Two girls from another Muslim family were forced to leave St Martin de Porres school in Moseley, Birmingham, last year after their parents failed to win permission for them to wear the headscarf (or hijab). One now attends a neighbouring Church of England primary school, the other a secondary school. Both schools allow headscarves.
Ali Naqzi, 38, told The TES that 30 to 40 per cent of the children at St Martin de Porres were from Muslim families. Despite this, he said he had spent over a year failing to persuade the school to allow his nine-year-old daughter Zainab to wear a headscarf.
"I'm not giving up," Mr Naqzi said. "But what can I do? They say it is a Catholic school and they don't want to give the wrong impression to the public. But this is a diverse community. Why should we not be allowed freedom of religion?"
Mr Naqzi praised St Martin de Porres for providing a good education and said he did not want his daughter to leave, particularly as he has a seven-year-old boy at the school and a daughter in the nursery.
Mr Naqzi's family, like many others in the area, are Shia Muslims of Indian origin, who migrated to Britain from east Africa. Mr Naqzi teaches Arabic language and philosophy at the Islamic institute attached to the local Clifton mosque.
Dr Julia Burton, head of Moseley Church of England primary school, said the parents of two Muslim girls had come to her last year claiming a neighbouring Catholic school had banned them from wearing headscarves and asking if she would allow them.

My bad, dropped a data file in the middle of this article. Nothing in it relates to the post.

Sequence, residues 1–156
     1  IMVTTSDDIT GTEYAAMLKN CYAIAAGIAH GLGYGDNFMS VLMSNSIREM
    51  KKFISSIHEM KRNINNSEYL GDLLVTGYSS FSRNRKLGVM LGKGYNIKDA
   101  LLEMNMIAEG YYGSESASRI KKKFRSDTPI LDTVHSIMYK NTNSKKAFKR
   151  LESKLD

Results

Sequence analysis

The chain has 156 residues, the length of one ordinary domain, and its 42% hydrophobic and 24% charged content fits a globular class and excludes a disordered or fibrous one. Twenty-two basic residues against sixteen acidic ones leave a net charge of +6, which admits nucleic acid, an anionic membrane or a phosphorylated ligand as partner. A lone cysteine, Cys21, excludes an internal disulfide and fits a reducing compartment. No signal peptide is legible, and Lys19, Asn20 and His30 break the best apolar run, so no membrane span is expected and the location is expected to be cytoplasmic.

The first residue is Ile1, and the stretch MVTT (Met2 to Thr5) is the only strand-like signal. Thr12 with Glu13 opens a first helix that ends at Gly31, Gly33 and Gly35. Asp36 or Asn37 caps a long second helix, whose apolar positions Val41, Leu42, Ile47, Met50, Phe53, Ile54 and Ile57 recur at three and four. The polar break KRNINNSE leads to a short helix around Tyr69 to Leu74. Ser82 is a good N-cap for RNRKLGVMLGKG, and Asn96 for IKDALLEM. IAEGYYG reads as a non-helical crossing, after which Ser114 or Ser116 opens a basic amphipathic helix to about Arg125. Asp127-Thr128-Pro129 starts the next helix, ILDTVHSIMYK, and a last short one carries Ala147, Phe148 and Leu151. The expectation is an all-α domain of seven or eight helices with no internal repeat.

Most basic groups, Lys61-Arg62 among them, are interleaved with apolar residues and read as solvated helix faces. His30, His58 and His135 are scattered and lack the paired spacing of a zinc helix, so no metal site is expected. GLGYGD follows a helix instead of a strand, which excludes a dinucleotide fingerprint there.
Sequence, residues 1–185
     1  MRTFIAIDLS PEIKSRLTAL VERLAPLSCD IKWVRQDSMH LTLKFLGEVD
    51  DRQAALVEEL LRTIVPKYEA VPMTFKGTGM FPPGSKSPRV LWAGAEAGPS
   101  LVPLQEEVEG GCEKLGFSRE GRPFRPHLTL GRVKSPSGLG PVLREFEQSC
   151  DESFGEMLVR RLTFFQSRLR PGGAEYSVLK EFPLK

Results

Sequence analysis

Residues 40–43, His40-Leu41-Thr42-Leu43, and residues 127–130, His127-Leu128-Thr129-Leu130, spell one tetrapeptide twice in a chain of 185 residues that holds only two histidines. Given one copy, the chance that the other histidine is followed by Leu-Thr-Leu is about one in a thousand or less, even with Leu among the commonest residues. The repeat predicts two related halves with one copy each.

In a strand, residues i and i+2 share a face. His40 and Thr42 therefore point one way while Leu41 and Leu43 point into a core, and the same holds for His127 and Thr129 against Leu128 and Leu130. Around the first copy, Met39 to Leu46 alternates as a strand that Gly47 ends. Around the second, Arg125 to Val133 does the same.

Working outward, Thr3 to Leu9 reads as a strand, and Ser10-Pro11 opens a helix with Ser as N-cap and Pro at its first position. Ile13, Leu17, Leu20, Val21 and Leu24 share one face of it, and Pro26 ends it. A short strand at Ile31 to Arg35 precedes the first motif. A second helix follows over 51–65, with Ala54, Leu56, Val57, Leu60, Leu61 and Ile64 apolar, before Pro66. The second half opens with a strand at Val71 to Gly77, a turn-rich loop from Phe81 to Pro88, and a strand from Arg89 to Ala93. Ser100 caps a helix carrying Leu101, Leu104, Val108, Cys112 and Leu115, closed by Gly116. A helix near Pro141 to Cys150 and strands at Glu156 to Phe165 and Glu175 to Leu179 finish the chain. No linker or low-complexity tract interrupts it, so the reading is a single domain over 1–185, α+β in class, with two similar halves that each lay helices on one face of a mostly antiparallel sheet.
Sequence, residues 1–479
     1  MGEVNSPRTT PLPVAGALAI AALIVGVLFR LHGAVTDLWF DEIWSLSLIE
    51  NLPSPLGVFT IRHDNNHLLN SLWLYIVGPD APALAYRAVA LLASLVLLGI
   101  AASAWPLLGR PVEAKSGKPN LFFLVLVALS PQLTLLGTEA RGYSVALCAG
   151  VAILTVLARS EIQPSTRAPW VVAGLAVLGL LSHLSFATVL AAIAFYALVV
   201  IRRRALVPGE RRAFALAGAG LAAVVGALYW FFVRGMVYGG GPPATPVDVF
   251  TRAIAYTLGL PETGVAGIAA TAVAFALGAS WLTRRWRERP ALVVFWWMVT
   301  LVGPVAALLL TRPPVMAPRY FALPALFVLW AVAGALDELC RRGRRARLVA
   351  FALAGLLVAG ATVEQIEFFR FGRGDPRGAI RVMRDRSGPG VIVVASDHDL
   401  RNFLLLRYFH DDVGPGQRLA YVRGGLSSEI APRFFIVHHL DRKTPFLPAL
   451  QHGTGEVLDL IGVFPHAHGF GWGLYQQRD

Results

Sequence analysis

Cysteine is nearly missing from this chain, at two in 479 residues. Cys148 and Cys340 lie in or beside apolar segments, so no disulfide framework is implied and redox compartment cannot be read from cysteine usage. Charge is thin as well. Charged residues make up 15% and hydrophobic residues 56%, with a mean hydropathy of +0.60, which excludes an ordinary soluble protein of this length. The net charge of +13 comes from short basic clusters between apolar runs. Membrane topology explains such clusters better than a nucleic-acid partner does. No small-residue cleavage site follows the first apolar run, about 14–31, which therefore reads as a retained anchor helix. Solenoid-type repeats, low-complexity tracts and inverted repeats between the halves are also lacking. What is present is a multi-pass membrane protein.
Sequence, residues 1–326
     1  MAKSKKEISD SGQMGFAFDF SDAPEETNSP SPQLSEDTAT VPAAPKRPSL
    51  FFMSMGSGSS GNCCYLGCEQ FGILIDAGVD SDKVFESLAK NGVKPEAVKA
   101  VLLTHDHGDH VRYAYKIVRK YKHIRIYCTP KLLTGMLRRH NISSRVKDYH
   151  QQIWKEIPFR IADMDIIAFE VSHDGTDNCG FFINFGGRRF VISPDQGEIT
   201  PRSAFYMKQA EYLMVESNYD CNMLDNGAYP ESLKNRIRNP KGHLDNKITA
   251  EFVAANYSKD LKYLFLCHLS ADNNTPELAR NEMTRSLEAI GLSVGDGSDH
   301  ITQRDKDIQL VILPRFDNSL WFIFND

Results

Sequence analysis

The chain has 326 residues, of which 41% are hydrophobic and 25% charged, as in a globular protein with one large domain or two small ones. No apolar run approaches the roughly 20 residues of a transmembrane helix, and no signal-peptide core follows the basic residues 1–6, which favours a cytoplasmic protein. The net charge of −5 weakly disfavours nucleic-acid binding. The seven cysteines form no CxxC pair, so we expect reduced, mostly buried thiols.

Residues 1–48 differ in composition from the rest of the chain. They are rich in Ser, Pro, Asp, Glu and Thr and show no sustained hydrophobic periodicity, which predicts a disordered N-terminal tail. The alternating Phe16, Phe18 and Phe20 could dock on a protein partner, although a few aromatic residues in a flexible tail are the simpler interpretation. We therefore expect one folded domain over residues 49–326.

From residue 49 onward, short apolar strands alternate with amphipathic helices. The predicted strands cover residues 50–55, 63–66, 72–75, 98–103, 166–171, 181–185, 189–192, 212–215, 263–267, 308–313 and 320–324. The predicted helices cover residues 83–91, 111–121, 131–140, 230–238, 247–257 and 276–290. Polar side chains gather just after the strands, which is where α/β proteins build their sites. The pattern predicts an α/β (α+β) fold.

"I was surprised by the school's attitude," Dr Burton said, "and that the parents did not take it further. Birmingham is such a multicultural place I think any school banning headscarves would be on a really sticky wicket."
Dr Burton said she knew of no other school in Birmingham where headscarves were banned. "It has not been a problem for us," she said. "I'm proud of the way our children have accepted the girls."
The parents of the two girls did not want to talk to the press, but a family friend said the older girl in particular still missed the friends she made at St Martin de Porres.
"It's quite crazy," the friend said. "The parents have been to hell and back. It's only a scarf. Why is it an issue?"
Jackie Tomlinson, head of the Catholic primary school said: "St Martin de Porres, has a long-standing and successful uniform policy, which does not allow any items to be worn on pupils' heads. We will continue to review the policy on an annual basis."
Vincent Nichols, Catholic archbishop of Birmingham, led last month's revolt against plans by Alan Johnson, the Secretary of State for Education, to make state-funded faith schools reserve places for children from non-faith backgrounds.